The Way We Live Now HTML version

The Longestaffes
Mr Adolphus Longestaffe, the squire of Caversham in Suffolk, and of Pickering Park in
Sussex, was closeted on a certain morning for the best part of an hour with Mr Melmotte
in Abchurch Lane, had there discussed all his private affairs, and was about to leave the
room with a very dissatisfied air. There are men and old men too, who ought to know the
world who think that if they can only find the proper Medea to boil the cauldron for them,
they can have their ruined fortunes so cooked that they shall come out of the pot fresh
and new and unembarrassed. These great conjurors are generally sought for in the City;
and in truth the cauldrons are kept boiling though the result of the process is seldom
absolute rejuvenescence. No greater Medea than Mr Melmotte had ever been potent in
money matters, and Mr Longestaffe had been taught to believe that if he could get the
necromancer even to look at his affairs everything would be made right for him. But the
necromancer had explained to the squire that property could not be created by the waving
of any wand or the boiling of any cauldron. He, Mr Melmotte, could put Mr Longestaffe
in the way of realising property without delay, of changing it from one shape into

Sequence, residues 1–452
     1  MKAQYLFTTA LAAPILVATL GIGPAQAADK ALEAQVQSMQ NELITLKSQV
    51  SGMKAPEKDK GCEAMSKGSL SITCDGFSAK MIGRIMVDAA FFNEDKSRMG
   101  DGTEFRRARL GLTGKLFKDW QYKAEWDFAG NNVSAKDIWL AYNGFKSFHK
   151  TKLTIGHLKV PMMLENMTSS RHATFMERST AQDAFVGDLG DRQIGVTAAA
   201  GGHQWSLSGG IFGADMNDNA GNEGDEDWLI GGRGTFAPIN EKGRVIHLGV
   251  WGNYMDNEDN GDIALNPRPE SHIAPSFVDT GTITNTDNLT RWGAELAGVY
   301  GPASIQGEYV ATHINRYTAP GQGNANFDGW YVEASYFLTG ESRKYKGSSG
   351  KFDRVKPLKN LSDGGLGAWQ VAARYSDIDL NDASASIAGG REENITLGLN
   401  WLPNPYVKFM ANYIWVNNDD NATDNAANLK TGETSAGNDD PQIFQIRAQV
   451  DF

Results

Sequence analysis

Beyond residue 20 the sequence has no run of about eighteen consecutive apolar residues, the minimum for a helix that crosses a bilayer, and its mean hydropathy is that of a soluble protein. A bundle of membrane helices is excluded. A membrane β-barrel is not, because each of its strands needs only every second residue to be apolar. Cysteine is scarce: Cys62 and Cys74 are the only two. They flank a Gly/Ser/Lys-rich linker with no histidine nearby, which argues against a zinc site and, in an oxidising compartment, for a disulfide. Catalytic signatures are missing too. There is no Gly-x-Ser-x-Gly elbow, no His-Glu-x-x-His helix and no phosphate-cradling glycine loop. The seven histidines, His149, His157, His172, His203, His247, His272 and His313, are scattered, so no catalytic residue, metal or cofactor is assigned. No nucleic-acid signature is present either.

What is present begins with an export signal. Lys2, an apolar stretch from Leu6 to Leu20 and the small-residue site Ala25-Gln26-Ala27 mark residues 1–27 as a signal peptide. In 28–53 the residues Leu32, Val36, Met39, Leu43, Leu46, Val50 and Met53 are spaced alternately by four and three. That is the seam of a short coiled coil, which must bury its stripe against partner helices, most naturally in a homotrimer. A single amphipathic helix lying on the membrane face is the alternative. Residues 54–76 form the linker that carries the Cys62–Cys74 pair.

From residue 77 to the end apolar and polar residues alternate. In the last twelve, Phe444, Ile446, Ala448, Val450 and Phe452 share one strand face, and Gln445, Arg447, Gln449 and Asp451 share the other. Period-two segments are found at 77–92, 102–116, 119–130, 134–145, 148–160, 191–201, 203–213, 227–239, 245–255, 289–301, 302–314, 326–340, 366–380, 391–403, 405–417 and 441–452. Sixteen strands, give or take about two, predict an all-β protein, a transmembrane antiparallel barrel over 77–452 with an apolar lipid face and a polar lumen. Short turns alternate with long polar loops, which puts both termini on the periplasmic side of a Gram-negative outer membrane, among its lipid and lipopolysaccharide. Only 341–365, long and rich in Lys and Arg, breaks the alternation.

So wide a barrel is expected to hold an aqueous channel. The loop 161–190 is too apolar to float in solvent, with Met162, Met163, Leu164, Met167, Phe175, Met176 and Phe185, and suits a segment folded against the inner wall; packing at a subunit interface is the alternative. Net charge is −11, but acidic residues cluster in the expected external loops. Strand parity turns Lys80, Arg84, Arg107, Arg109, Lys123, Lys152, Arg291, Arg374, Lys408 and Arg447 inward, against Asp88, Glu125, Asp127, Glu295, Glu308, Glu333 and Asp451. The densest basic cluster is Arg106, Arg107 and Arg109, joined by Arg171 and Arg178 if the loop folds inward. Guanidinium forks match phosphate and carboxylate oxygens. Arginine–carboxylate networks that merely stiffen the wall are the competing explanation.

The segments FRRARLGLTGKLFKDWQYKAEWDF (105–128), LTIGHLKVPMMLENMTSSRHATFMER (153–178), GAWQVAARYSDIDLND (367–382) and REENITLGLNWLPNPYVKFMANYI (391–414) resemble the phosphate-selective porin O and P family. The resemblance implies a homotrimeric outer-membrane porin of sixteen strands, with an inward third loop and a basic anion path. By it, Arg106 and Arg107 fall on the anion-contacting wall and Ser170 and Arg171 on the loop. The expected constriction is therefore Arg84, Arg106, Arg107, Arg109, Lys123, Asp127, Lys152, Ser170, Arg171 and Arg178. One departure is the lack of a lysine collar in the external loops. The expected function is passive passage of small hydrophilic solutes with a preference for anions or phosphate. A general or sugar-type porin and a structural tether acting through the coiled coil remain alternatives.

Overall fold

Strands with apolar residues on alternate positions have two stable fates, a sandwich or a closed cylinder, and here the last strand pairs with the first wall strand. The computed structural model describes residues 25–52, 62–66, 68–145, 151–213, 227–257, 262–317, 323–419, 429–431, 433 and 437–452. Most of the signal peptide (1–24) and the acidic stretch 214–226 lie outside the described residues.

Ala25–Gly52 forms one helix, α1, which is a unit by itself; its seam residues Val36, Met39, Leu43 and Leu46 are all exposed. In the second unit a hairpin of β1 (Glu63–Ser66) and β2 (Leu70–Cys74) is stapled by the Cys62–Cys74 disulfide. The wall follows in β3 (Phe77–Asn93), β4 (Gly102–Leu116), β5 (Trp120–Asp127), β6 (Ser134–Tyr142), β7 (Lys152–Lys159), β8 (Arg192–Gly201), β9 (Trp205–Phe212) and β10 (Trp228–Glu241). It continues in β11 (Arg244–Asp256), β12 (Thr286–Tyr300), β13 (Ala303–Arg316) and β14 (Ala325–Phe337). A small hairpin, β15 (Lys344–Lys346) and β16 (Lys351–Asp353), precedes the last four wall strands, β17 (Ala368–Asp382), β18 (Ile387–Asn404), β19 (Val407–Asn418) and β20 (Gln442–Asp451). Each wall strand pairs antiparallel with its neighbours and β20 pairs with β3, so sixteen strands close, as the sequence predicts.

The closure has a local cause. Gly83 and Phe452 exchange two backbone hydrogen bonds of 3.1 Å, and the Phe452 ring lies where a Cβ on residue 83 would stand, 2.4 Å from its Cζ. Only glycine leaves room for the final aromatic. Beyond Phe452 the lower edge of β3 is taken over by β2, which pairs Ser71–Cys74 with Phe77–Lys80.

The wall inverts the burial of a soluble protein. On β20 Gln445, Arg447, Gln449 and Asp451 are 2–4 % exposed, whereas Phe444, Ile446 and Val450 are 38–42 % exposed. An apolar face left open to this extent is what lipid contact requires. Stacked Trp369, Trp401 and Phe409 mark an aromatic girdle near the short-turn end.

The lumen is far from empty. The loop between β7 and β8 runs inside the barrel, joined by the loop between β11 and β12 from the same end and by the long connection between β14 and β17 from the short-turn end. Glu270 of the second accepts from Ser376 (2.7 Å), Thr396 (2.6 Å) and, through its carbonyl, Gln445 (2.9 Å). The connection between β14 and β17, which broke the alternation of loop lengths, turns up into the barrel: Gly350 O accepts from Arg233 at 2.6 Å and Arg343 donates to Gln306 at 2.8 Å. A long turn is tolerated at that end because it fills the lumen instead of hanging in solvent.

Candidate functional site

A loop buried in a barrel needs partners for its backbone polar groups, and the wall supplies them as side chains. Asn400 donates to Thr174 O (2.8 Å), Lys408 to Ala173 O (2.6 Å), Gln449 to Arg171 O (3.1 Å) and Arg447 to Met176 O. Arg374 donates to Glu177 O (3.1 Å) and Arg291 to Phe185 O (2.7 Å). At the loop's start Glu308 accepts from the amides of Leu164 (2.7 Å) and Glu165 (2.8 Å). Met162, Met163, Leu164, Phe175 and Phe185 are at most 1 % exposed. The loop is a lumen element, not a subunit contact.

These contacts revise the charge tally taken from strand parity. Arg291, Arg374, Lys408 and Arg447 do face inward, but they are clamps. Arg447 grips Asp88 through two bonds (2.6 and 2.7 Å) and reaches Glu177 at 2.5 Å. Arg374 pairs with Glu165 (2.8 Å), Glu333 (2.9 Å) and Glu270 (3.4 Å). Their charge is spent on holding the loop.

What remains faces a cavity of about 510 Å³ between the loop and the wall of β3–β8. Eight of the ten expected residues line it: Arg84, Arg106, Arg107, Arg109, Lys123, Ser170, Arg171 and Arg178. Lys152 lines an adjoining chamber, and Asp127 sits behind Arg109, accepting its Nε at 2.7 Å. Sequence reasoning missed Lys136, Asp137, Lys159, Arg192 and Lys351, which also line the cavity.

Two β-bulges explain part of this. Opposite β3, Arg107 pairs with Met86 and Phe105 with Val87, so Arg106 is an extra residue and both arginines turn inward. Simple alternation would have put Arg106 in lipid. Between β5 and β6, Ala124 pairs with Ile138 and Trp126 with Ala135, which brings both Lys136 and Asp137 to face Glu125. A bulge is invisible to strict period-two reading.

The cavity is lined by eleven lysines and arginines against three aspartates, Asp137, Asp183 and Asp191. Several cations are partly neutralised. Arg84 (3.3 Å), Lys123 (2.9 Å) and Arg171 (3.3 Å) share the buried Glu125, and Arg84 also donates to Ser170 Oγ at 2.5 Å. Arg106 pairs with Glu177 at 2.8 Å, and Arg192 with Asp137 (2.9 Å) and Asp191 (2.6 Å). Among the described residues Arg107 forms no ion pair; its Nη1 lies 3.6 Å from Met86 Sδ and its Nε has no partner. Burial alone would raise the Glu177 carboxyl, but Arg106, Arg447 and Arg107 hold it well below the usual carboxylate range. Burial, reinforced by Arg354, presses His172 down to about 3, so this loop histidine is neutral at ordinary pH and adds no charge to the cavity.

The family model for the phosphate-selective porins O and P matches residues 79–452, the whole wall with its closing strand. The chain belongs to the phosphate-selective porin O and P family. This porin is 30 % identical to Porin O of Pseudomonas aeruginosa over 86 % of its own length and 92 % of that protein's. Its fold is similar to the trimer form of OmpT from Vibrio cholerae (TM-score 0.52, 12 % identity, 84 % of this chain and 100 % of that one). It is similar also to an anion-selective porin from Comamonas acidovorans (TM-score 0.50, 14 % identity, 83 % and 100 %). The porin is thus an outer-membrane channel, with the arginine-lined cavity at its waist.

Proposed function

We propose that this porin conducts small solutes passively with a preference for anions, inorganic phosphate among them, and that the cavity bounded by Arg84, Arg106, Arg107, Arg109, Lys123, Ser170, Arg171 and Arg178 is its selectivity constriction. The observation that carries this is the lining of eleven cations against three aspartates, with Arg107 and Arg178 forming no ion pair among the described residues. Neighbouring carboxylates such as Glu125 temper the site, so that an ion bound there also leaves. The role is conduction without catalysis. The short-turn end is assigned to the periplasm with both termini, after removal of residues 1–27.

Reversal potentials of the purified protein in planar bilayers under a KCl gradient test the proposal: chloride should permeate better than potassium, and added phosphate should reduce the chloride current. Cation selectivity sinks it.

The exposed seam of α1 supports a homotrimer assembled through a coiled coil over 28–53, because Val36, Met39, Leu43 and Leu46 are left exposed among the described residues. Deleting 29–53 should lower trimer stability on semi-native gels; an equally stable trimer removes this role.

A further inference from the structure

another, or could find out the real market value of the property in question; but he could
create nothing. 'You have only a life interest, Mr Longestaffe.'
'No; only a life interest. That is customary with family estates in this country, Mr
'Just so. And therefore you can dispose of nothing else. Your son, of course, could join
you, and then you could sell either one estate or the other.'
'There is no question of selling Caversham, sir. Lady Pomona and I reside there.'
'Your son will not join you in selling the other place?'
'I have not directly asked him; but he never does do anything that I wish. I suppose you
would not take Pickering Park on a lease for my life.'
'I think not, Mr Longestaffe. My wife would not like the uncertainty.'
Then Mr Longestaffe took his leave with a feeling of outraged aristocratic pride. His own
lawyer would almost have done as much for him, and he need not have invited his own
lawyer as a guest to Caversham and certainly not his own lawyer's wife and daughter. He
had indeed succeeded in borrowing a few thousand pounds from the great man at a rate of
interest which the great man's head clerk was to arrange, and this had been effected
simply on the security of the lease of a house in town. There had been an ease in this, an
absence of that delay which generally took place between the expression of his desire for
money and the acquisition of it and this had gratified him. But he was already beginning
to think that he might pay too dearly for that gratification. At the present moment, too,
Mr Melmotte was odious to him for another reason. He had condescended to ask Mr
Melmotte to make him a director of the South Central Pacific and Mexican Railway, and